Under new State Department sanctions, there will be no Russian ammo or firearms coming into the US beginning on September 7th of this year. The Department of State published a fact sheet today regarding new sanctions imposed on Russia. The relevant text of the sanctions includes:
Restrictions on the permanent imports of certain Russian firearms. New and pending permit applications for the permanent importation of firearms and ammunition manufactured or located in Russia will be subject to a policy of denial.
Russian Ammo Goes the Way of the DoDO
Before anyone gets excited over the wording of “permanent importation”, you should know that this is a specific legal term. Unfortunately, it doesn’t mean what you hope it means. In this context, “permanent importation” means to import for the purposes of use, sale, or otherwise keeping in the United States. There is no such thing as a permit to permanently import guns or ammo with carte blanche. Certain categories of FFL can import firearms and ammunition, it’s true. To do so, however, they have to file for a permit with the ATF and Department of State. Here and here are links to some ATF pages on these permits. Despite the word “permanent”, these licenses have to list the items and quantity for import.
Existing permits are, fortunately, good to go. However, these permits are still limited to the quantity listed on them. For example, an importer may have a form that got approved yesterday to import a million rounds of ammo. That permit is still good, but it is this author’s understanding that after those million are imported, there’s no more coming. According to the ATF Guidebook on Firearms Importation each incoming shipment requires a new ATF Form 6.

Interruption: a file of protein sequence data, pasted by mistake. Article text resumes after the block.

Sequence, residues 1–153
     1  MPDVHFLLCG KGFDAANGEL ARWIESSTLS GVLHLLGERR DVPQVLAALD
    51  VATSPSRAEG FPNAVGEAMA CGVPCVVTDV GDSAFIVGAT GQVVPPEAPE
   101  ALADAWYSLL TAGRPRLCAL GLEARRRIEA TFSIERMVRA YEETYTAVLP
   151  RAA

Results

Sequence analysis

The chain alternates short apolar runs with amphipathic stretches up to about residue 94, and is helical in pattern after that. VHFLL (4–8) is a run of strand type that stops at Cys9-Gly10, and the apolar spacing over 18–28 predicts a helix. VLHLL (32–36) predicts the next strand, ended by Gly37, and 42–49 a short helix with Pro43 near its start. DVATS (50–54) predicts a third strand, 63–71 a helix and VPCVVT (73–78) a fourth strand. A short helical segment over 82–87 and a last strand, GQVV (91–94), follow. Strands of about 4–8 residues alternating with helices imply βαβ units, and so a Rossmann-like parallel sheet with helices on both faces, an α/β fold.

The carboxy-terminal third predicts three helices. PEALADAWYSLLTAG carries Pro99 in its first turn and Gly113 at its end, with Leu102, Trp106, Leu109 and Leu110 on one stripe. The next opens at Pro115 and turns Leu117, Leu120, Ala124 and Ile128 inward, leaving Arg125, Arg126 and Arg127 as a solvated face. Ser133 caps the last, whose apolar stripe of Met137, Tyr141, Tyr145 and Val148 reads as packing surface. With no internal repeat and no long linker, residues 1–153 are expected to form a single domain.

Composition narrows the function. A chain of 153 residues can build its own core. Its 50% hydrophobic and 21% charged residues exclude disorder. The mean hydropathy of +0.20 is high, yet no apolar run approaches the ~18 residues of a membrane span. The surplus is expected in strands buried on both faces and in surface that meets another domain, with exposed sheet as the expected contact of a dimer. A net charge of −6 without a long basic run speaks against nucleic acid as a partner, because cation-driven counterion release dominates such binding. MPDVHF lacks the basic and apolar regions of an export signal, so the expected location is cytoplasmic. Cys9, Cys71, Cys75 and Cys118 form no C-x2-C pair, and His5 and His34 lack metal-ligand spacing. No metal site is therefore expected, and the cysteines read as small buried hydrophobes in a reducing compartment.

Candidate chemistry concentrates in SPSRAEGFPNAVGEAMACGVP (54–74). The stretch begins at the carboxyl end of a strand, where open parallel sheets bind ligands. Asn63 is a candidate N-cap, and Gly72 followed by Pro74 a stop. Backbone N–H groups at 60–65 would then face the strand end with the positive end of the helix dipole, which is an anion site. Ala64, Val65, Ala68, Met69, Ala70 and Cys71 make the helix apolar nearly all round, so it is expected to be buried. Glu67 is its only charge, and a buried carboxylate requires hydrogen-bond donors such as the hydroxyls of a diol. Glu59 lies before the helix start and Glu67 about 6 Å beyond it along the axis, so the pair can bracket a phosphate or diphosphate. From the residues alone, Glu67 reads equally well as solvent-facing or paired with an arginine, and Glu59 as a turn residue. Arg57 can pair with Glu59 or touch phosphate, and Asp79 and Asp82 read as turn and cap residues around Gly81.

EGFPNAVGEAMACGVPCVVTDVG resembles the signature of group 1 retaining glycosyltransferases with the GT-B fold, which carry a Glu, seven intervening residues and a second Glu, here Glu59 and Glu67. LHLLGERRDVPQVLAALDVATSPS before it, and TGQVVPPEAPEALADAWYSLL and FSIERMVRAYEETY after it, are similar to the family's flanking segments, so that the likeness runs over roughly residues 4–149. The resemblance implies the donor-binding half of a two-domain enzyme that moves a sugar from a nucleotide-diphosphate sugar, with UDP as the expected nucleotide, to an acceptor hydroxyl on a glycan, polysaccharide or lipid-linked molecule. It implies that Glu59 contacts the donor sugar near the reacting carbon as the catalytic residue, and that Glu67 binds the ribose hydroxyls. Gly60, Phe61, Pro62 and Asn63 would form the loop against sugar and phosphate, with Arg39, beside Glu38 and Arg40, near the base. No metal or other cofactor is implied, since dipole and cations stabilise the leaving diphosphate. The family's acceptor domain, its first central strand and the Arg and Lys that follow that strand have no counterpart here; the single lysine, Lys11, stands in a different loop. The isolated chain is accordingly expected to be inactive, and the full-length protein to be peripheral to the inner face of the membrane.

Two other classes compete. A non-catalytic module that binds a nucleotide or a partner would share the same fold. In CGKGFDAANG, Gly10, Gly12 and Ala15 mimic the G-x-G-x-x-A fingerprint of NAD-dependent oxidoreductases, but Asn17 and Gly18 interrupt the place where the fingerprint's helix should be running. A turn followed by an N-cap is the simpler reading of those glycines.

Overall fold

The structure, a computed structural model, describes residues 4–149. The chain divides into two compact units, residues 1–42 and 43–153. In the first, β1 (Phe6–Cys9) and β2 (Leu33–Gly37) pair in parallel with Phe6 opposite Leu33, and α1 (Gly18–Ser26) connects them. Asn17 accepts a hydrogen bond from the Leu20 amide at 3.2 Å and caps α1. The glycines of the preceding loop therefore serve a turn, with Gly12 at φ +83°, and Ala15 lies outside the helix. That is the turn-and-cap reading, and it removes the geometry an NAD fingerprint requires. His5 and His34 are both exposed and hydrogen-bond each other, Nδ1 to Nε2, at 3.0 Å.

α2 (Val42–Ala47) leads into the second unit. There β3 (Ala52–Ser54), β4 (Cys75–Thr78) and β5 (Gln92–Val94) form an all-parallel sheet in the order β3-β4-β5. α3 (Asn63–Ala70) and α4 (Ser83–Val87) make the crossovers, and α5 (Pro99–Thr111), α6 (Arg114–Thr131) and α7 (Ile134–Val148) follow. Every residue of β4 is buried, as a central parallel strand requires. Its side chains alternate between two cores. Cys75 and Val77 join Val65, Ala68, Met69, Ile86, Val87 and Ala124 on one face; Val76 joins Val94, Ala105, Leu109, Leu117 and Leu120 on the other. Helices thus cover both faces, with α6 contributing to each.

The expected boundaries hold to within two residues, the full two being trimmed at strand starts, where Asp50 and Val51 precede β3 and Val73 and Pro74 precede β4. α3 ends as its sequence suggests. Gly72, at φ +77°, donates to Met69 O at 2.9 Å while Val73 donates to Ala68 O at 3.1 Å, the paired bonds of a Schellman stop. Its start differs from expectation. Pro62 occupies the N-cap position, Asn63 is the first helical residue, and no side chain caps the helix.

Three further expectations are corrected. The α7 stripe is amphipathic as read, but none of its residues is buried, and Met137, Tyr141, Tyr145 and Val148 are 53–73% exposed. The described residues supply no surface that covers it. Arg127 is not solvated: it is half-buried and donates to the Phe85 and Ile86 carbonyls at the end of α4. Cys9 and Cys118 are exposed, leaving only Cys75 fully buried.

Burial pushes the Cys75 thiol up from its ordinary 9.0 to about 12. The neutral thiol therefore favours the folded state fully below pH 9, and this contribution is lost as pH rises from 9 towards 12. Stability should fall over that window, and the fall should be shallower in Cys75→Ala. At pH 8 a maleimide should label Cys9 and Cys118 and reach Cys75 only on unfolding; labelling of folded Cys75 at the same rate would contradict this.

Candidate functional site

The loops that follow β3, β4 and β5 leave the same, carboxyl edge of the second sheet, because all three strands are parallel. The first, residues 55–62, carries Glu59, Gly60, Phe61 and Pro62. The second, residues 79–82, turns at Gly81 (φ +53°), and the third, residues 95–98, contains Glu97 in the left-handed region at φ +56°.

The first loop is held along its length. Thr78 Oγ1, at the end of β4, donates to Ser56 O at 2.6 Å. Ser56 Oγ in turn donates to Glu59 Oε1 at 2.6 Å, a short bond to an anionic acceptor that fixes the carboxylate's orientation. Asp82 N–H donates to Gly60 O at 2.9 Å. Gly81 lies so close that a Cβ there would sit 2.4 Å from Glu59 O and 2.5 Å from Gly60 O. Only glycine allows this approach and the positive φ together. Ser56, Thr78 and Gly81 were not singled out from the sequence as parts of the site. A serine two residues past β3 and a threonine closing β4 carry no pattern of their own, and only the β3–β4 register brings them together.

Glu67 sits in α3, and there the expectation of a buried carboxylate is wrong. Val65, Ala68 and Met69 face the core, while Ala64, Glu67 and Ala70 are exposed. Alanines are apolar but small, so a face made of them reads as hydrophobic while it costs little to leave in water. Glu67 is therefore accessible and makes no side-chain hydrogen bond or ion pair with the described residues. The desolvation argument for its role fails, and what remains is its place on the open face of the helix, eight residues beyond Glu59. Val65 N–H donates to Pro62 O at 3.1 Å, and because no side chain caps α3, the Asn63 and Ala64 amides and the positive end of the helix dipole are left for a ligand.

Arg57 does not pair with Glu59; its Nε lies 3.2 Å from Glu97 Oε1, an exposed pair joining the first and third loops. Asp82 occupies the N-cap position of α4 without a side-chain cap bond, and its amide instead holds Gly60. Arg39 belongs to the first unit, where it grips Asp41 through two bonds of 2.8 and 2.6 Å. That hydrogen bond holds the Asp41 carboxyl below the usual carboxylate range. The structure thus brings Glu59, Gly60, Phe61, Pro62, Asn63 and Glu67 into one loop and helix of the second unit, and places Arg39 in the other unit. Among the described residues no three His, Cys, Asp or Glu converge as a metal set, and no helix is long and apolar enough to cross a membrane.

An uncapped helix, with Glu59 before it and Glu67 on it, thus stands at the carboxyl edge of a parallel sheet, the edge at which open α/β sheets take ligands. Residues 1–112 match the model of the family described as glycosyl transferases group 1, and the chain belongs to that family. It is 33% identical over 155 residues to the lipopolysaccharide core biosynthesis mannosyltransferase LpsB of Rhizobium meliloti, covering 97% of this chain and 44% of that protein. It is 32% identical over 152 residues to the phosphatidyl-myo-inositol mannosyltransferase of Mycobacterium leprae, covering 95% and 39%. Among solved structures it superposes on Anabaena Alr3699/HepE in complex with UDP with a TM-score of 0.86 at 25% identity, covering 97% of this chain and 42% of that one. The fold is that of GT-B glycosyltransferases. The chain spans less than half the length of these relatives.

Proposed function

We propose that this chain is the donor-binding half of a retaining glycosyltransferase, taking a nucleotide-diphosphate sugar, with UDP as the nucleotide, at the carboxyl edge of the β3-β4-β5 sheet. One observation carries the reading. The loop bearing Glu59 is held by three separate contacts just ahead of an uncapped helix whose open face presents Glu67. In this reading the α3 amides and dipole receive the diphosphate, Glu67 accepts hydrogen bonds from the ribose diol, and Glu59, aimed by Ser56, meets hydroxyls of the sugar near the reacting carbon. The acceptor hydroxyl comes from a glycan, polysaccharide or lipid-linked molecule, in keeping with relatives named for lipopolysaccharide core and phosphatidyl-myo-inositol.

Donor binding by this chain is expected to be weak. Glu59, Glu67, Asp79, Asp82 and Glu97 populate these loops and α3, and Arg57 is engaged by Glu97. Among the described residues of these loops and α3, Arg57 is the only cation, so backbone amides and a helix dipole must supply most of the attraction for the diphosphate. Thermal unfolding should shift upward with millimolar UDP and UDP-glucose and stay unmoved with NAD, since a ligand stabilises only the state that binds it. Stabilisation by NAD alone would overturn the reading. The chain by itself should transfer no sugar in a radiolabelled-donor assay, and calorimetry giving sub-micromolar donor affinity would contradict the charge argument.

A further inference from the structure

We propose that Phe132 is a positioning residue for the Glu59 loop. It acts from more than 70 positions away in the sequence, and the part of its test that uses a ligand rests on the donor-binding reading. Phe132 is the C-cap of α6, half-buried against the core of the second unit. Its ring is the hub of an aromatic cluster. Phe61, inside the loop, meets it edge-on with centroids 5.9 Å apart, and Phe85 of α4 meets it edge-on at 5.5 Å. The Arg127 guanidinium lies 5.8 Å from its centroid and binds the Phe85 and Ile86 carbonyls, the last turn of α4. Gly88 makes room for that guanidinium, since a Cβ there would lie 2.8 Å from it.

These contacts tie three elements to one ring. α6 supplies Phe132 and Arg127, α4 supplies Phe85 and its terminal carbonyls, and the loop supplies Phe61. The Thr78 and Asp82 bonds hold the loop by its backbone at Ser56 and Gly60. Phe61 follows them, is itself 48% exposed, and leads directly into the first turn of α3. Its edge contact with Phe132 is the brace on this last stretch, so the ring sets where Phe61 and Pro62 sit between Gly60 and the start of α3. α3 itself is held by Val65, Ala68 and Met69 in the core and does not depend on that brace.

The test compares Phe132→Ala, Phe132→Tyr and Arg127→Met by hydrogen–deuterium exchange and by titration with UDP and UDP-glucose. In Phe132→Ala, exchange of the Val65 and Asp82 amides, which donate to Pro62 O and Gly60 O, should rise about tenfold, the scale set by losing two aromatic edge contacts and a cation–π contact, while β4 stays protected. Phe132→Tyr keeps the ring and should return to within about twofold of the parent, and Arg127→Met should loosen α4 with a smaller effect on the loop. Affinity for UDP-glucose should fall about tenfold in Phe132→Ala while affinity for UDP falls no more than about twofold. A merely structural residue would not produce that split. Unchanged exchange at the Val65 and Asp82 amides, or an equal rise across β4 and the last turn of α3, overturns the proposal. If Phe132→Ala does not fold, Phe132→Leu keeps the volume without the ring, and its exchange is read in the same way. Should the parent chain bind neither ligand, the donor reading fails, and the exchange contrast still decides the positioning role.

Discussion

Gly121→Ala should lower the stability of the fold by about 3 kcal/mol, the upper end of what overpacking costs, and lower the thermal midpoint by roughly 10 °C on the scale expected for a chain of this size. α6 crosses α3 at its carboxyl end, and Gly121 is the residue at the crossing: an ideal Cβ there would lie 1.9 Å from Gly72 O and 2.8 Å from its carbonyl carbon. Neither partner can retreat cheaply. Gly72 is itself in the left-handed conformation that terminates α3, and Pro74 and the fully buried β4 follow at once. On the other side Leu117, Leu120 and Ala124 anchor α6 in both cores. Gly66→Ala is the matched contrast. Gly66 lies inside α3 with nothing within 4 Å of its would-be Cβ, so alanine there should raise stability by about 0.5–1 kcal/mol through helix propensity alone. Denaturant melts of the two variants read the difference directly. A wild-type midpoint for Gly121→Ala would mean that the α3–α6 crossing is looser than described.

As mentioned previously, the new sanctions go into effect on September 7th. There is some good news, which is that the sanctions can theoretically lift after a period of 12 months. However, the sanctions will only be lifted if Russia meets certain conditions. Among these conditions are assurances in regards to no Russian use of chemical weapons, among others.
Russian Ammo – What Now?
In the meantime, importers are sure to place bulk orders to try and get as much ammo into the United States before the ban goes into effect as possible. Unfortunately, not much is likely to make it in. The ATF estimates that it takes 4-6 weeks to process an import permit, and the ban goes into effect in about 3 and a half weeks. The math isn’t terribly difficult.
When I started writing this article, 7.62×39 ammo could be found for 27cpr online (with free shipping). As I write this sentence now, the price has already spiked to 32cpr shipped, and it’s likely going higher.
Fortunately, there are other sources of relatively inexpensive steel-cased ammo besides Russia. However, it will take time for them to tool up to fill the supply gap. It will take more time for importers to make new contacts and contracts, and even more time to start arriving in the US.
You can read the State Department’s full press release here.
“7.62×39 FMJ and HP” by KiyoKatu is licensed under CC BY-ND 2.0